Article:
Features of the Corpus of Spoken Greek
The need for a corpus of spoken Greek arises primarily from the priority modern linguistics attributes in general to spoken over written discourse. Based, however, on the findings of sociolinguistics, the study of spoken discourse is to be grounded in language material drawn from naturally-occurring circumstances of communication so as to allow its spontaneous and unconstrained production. As a consequence, the compilation of a corpus of spoken discourse poses a number of challenges for researchers (which range from overcoming the so-called ‘observer’s paradox’ to ensuring participants’ consent to the tape-/video-recording, etc.), which do not arise in the case of corpora of written discourse, especially corpora of published texts.
The Corpus of Spoken Greek was originally designed for the qualitative analysis of language and linguistic communication, especially from the perspective of Conversation Analysis. Consequently, particular emphasis is placed on the transcription of tape-/video-recorded material that depicts sound reality as accurately as possible.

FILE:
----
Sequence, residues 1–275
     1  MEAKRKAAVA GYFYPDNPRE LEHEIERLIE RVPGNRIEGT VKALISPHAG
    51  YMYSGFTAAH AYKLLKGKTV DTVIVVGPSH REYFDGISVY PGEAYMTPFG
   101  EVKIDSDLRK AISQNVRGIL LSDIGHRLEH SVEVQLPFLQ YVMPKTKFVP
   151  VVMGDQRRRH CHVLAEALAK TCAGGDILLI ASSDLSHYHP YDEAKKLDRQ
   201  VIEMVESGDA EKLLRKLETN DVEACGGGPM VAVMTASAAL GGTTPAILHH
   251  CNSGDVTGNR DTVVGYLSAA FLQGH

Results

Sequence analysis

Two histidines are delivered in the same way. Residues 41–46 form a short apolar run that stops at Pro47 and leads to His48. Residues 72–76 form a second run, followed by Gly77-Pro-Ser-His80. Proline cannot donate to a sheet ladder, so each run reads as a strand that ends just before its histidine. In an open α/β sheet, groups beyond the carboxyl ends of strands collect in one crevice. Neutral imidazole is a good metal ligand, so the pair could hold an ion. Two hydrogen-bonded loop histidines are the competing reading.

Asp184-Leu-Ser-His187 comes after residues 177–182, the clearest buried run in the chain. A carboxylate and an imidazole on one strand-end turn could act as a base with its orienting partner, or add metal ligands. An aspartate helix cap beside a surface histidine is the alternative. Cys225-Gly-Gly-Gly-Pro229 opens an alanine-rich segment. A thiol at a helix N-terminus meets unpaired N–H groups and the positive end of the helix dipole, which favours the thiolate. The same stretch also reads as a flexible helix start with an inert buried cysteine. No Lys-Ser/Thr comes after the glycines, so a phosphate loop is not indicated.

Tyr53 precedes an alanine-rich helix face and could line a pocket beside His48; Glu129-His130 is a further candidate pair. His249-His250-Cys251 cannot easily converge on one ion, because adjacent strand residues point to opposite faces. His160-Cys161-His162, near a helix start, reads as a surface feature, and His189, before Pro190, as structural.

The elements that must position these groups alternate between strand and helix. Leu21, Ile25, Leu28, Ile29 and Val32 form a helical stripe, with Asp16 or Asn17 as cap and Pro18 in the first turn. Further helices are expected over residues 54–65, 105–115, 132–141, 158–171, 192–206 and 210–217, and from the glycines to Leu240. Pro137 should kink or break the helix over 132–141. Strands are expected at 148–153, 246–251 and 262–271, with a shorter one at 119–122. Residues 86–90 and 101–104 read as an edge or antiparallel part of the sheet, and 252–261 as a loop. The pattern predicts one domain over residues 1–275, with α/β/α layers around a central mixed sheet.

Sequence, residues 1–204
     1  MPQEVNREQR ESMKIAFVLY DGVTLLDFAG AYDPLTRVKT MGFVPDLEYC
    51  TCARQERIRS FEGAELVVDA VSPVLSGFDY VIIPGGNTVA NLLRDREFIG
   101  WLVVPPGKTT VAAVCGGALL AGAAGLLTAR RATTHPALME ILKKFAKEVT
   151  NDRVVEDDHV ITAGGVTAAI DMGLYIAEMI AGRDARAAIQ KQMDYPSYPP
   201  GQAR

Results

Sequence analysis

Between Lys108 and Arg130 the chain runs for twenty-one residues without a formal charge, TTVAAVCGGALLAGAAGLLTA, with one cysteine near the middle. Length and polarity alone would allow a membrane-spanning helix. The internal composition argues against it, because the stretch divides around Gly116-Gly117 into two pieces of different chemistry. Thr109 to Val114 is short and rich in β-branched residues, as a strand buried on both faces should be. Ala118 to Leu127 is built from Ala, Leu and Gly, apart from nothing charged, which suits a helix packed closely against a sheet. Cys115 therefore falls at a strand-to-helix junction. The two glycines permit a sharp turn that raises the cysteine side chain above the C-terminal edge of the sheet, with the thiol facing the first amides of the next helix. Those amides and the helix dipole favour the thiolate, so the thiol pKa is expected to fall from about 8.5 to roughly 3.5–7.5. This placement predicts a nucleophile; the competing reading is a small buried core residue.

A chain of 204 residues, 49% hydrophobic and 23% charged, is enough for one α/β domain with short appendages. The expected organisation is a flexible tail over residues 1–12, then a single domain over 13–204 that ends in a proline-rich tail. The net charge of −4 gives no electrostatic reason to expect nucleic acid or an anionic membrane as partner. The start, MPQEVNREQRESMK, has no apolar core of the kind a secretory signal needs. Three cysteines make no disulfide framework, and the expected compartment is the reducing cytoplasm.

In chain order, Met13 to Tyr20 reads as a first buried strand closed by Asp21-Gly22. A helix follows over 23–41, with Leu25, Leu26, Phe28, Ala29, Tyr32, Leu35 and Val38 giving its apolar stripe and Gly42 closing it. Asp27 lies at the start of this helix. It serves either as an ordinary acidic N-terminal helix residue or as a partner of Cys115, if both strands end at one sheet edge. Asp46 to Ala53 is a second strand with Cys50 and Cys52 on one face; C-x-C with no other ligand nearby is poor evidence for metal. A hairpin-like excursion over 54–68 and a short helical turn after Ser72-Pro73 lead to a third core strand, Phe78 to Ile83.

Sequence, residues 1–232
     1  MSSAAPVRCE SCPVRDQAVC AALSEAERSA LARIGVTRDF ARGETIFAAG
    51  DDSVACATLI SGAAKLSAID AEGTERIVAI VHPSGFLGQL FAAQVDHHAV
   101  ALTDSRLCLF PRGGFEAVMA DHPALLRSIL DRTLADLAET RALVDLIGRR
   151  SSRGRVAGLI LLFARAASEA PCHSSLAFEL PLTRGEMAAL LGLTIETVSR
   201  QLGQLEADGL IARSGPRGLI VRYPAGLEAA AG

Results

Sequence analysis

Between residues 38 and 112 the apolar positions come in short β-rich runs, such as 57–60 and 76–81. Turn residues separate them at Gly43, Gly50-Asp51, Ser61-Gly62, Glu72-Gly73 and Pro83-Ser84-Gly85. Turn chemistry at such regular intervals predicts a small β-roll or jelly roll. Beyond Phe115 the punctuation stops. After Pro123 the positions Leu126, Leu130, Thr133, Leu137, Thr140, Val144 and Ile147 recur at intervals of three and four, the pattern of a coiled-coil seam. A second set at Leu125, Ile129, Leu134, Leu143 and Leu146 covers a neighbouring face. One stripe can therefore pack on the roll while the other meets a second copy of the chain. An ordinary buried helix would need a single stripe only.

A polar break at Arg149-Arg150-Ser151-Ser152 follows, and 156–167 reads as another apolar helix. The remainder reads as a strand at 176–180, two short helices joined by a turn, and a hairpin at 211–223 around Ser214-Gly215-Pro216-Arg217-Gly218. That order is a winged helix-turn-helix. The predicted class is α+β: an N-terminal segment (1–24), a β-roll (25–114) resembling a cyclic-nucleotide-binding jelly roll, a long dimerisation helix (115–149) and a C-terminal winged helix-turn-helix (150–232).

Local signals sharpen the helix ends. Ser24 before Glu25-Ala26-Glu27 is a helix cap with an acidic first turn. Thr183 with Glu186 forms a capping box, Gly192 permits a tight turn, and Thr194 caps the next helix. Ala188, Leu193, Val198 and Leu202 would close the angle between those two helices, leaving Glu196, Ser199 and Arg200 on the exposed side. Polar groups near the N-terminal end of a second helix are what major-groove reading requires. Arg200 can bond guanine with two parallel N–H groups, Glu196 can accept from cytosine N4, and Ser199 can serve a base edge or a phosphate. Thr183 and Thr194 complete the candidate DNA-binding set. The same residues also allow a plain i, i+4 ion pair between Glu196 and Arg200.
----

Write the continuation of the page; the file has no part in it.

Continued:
For Conversation Analysis, transcription is not a mechanistic procedure (see related software in the market) nor is it limited to the representation of content (see print news interviews). On the contrary, the ‘translation’ of sound into writing presupposes theoretical processing and analysis as well as appropriate training, and requires multiple ‘corrections’ by different individuals.
As a result, the transcribed texts of the Corpus of Spoken Greek depart from the standard orthographic representation of spoken discourse in that additional symbols are used to mark overlaps, pauses, intonational and other features of spoken discourse (see Transcription symbols). The texts also differ from one another with respect to the detail and quality of the transcription.